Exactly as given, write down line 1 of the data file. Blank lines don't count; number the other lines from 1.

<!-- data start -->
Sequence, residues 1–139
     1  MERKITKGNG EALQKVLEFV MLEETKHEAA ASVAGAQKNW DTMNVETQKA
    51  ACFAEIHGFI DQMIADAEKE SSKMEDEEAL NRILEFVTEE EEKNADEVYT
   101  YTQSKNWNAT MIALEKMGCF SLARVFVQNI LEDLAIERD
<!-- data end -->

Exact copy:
Sequence, residues 1–139